For decades, consumers have used brands as a means of self-expression. – Doc. Martens and 1960’s subculture, The Mods, Nike Jordan’s and the urban cool male, Apple iPhone and the trendy tech kids, or the Michael Kors watch – arm candy for the cool kids. Though individual, we are social creatures who crave the acceptance of our chosen group. In today’s society, one could argue that brands now play an even more important role in self-expression.
We consumers often see brands as an extension of ourselves and readily buy into those with which we want to be associated. The luxury market relies heavily on this. Essentially, when you buy a luxury good, you are buying into the lifestyle, status and aspirations that brand represents.
This brings me onto the topic of the famous, red-lacquer soled, stiletto heels. Known fondly (or enviously) by woman across the world as Christian Louboutin.
Costing roughly $1,000 you might quite rightly ask what is so special about these red-soled shoes, which continues to hold an allure for women all over the world. Are they lined with 14-carat gold? Fitted with the ability to change colour and match your chosen outfit? Afraid not. Christian Louboutin heels are symbolic of a certain lifestyle. It’s the heel of choice for the independent, successful and stylish lady. It represents power. She is a leader; she has made it in a man’s world without loosing her femininity. She has her life in order and is heading in one direction. The top.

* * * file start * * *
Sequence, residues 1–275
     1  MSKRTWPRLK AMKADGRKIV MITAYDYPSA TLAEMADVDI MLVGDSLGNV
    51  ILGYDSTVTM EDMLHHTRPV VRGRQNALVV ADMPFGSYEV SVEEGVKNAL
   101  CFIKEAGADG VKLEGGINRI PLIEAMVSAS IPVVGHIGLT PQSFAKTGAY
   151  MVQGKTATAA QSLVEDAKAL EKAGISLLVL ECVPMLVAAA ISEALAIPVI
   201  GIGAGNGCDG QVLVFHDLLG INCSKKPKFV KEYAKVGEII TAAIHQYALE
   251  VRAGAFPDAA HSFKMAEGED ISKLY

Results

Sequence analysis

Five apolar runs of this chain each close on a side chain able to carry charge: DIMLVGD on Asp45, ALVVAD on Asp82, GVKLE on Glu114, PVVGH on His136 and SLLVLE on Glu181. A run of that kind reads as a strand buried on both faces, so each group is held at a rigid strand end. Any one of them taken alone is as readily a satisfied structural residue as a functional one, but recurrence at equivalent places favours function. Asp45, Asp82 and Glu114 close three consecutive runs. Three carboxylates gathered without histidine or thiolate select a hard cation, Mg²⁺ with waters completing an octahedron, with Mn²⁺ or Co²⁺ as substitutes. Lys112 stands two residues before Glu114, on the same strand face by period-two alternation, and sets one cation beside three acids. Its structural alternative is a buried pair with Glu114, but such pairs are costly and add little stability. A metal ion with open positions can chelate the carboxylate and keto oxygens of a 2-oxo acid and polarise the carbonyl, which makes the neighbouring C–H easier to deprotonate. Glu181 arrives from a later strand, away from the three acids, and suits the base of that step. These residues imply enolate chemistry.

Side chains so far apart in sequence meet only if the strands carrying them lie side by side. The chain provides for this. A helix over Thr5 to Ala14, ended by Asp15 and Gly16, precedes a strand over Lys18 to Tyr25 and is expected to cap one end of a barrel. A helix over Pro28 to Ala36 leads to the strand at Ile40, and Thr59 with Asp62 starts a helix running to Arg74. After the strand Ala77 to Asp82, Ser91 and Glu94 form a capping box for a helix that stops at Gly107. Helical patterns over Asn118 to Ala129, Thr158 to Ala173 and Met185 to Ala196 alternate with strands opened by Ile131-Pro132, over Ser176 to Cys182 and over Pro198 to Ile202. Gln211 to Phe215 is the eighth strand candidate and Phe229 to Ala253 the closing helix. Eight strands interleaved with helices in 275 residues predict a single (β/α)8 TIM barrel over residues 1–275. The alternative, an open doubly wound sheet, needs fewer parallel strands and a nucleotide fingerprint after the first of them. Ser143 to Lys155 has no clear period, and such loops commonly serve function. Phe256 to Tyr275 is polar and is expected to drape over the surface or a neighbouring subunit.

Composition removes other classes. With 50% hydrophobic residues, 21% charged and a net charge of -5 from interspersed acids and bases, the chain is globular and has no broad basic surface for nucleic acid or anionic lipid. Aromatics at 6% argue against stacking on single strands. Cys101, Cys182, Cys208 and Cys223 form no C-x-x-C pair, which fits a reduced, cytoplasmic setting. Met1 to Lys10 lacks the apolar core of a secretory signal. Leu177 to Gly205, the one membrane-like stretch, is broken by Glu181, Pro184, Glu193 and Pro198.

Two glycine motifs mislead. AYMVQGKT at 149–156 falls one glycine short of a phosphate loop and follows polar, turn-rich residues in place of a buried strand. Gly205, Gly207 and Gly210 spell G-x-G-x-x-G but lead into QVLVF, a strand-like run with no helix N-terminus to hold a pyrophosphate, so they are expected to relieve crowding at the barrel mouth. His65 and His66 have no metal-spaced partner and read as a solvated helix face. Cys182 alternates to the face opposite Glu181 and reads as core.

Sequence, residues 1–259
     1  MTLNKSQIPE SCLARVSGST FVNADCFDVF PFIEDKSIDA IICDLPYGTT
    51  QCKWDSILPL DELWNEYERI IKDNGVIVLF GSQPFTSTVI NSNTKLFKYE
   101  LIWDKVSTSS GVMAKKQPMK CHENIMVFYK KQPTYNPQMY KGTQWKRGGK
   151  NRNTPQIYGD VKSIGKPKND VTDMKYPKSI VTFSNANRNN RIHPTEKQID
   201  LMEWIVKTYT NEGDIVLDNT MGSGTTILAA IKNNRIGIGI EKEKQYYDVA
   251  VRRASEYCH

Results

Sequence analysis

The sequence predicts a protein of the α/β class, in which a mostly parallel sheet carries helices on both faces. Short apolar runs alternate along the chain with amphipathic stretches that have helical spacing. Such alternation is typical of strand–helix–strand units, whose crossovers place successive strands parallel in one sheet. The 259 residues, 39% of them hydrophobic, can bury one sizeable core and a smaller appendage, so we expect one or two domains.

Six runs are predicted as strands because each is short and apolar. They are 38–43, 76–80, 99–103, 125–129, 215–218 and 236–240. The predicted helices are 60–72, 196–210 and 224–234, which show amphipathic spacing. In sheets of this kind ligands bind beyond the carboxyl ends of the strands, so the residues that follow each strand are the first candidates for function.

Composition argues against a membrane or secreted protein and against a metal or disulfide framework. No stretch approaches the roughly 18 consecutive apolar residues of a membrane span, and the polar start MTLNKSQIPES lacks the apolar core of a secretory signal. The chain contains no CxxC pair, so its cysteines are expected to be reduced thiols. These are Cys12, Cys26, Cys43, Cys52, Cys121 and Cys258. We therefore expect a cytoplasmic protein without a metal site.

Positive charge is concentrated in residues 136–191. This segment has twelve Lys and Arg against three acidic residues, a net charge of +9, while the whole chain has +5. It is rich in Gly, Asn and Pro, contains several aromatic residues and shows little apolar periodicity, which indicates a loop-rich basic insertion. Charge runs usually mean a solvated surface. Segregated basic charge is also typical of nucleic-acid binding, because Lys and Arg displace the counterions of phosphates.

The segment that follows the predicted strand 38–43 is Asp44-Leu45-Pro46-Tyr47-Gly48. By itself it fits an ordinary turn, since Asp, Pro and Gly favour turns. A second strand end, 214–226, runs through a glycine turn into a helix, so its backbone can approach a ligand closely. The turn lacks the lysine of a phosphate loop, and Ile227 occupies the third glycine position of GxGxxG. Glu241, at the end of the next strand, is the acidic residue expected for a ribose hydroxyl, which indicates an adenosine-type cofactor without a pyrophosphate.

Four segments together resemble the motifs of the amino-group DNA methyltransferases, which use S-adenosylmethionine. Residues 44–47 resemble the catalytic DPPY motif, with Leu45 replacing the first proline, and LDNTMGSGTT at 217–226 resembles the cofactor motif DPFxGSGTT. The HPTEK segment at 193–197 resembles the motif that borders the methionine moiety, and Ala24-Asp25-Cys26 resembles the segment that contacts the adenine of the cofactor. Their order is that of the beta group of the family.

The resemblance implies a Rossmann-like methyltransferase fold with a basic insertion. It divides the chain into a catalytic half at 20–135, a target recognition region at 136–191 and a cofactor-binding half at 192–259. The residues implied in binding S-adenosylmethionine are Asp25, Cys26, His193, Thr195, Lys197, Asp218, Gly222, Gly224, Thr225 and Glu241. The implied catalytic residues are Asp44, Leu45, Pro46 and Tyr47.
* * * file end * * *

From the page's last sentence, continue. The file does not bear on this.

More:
Since Christian Louboutin launched less than 20 years ago, the red sole has become the most iconic among any ladies shoe globally. This has not gone unnoticed by the brand managers behind Louboutin, who saw such value in the red sole, that in 2008 their attorney’s secured the rights to the red-lacquer sole in the USA and 75 other countries. In doing so, they were also able to gain an order against fellow luxury fashion house Saint Laurent, who had a similar red-soled shoe in their collection. Those familiar with trademark law know that it is highly unusual to successfully trademark a colour. Dan Hunter from New York Law School stated, “Generally speaking, colors don’t function as trademarks… but they can with enough use, enough marketing, and enough consumer recognition. Which is what happened with red-soled Louboutin shoes. *
Robert Klara from Ad Week has summed up the desire for the red sole in one paragraph:
“Women don’t drop $1,000 on a pair of CLs because they happen to like red under their feet. They do it because they like what that red represents. ‘I talked to a very successful businesswoman about this the other day,’ relates Milton Pedraza, CEO of the Luxury Institute. ‘And she said, ‘of couse that red sole matters. It signals to the world that I wear Louboutins – a top-of-the-line shoe. It says I’m a successful woman, I bought these myself, that I’m powerful and still feminine.”
You see ladies and gentlemen. To own a pair of high heels with a red lacquered sole doesn’t allow you to just become part of a club. It allows you be a member of the ultimate club. The Successful Woman’s Club. That is what the Christian Louboutin truly represents.